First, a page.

Controls, 15 BNA OSHC 2132. Nothing in the 2001 rulemaking suggested 
that the Agency had any intention of changing this fundamental 
requirement.
    The existing recordkeeping regulations explain that the employer 
must promptly record cases on the 300 Log, and that, throughout the 
five-year retention period, if the employer discovers a case that 
occurred previously, it must record that case on the applicable Log. As 
with nearly all rules, this rule is written to describe compliance. As 
with other rules, it does not assume noncompliance, in other words, it 
does not explicitly state what an employer must do if it fails to 
record a case it knows about. By stating that newly discovered cases 
should be recorded, the Secretary did not intend to signify that other 
cases the employer had learned about need not be recorded. The command 
to update was not intended to signify permission to ignore knowledge 
that had been acquired earlier.
    The current regulations also state that the employer is not 
required to ``update'' Form 301 Incident Reports. In Volks II, Judge 
Garland read this to mean that employers do not have to create a form 
at all, once the initial seven-day recording period is over. See Volks 
II, 675 F.3d at 760-61 (concurring opinion). That was not the 
Secretary's intention. The intent was to distinguish between the Log, 
which employers must update to reflect new and changed information, and 
the 301 Form, which employers do not need to update. (The Secretary 
explained that although updating the Log would provide useful, accurate 
information, updating Incident Reports would not enhance the 
information in the employer's records sufficiently to warrant the 
additional burden that would be associated with such a requirement. See 
66 FR at 6050, January 19, 2001.) The fact that the Agency does not 
require employers to update Incident Reports does not mean that the 
Agency does not require employers to create the forms in the first 
place. The language in the proposed rule clarifies this.
11. Paragraph (b)(2) of Sec.  1904.33--Do I have to make additions or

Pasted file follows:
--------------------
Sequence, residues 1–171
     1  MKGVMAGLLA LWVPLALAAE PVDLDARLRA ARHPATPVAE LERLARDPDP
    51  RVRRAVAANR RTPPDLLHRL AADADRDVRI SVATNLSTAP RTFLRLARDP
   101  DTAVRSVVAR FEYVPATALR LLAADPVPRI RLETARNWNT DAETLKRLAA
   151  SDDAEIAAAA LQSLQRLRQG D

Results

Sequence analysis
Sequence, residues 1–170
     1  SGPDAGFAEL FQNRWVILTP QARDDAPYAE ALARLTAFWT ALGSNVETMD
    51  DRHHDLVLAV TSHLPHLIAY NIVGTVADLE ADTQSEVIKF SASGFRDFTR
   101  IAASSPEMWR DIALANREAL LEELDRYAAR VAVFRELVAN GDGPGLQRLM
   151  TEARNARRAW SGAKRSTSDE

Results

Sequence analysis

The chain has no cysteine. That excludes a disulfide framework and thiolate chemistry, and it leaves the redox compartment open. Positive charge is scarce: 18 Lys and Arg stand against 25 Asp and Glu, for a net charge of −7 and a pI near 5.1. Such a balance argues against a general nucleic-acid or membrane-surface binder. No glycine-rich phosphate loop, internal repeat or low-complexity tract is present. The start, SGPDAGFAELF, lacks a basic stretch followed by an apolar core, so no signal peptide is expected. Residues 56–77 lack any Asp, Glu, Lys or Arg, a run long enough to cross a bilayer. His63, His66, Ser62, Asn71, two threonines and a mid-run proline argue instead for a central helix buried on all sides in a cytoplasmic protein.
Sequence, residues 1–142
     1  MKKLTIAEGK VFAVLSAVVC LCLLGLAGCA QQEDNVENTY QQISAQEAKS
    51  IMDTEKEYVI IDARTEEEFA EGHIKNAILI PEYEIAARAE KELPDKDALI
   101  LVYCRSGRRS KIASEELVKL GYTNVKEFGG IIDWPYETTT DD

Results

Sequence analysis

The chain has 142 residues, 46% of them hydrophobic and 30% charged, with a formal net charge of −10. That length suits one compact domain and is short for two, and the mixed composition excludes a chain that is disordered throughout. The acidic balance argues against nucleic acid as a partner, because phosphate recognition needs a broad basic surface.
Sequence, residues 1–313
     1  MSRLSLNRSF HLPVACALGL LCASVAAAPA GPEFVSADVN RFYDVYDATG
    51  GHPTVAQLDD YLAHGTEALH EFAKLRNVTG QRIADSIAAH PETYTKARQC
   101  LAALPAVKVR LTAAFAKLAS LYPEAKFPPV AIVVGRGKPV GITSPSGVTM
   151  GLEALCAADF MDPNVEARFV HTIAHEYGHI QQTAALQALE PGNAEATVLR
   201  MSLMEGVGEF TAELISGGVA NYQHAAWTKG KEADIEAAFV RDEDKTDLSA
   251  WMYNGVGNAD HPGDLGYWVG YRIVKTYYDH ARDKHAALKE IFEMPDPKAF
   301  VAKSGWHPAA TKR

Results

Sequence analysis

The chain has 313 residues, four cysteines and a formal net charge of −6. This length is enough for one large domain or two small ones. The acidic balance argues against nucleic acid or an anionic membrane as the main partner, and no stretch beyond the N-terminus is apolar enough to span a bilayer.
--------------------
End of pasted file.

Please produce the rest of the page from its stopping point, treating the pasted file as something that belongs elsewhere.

corrections to the annual summary during the five-year retention 
period?
    OSHA is proposing minor changes to paragraph (b)(2) of Sec.  
1904.33. These changes are not substantive. Neither the proposed nor 
the existing rules require employers to update or make changes to 
annual summaries during the five-year retention period.
12. Paragraph (b)(3) of Sec.  1904.33
    OSHA is proposing to delete existing paragraph (b)(3). In the 
proposal, this paragraph has been moved, in slightly modified form, to 
paragraph (b)(1)(iii) in Sec.  1904.33.
13. Paragraph (b)(2) of Sec.  1904.35--Do I have to give my employees 
and their representatives access to the OSHA injury and illness 
records?
    Paragraph (b)(2) of existing Sec.  1904.35 addresses employee 
access to records created under part 1904. OSHA is proposing only one 
minor change to this paragraph--the addition of the word ``accurate'' 
to describe the records to which employees, former employees, and their 
representatives must be given access. Accurate records are described in 
proposed Sec.  1904.0.

[[Page 45128]]

14. Paragraph (b)(2)(iii) of Sec.  1904.35--If an employee or 
representative asks for access to the OSHA 300 Log, when do I have to 
provide it?
    In proposed paragraph (b)(2)(iii) of Sec.  1904.35, OSHA is simply 
adding the term ``accurate'' to describe the OSHA 300 Logs to which 
employees, former employees, and their representatives must be given 
access. Accurate records are described in proposed Sec.  1904.0. 
Records are required so they can be used, and records must be accurate 
if they are to serve this purpose. The duty to provide an accurate 
record upon request arises when the request is made, not before, so the 
six-month statute of limitations cannot begin to run until the request 
is made.
15. Subpart E--Reporting Accurate Fatality, Injury, and Illness 
Information to the Government
    OSHA is proposing to revise the title of Subpart E to more 
precisely reflect the requirement in the Subpart that government 
representatives be given access to accurate fatality, injury, and 
illness information.
16. Section 1904.40--Providing Accurate Records to Government 
Representatives
    OSHA is proposing to revise the title of Sec.  1904.40 to reflect 
the proposed changes to paragraph (a) of that section.
17. Paragraph (a) of Sec.  1904.40--Basic Requirement
    OSHA is proposing to add the term ``accurate'' to paragraph (a) of 
Sec.  1904.40(a) to reflect OSHA's long-standing expectation that 
employers provide government representatives with accurate records upon 
request. OSHA is also proposing some non-substantive wording changes to 
this paragraph.

V. State Plans

    The 27 States and U.S. Territories with their own OSHA-approved 
occupational safety and health plans must adopt a rule comparable to 
any amendments that Federal OSHA ultimately promulgates to 29 CFR part 
1904. The States and U.S. Territories with OSHA-approved occupational 
safety and health plans covering private employers and State and local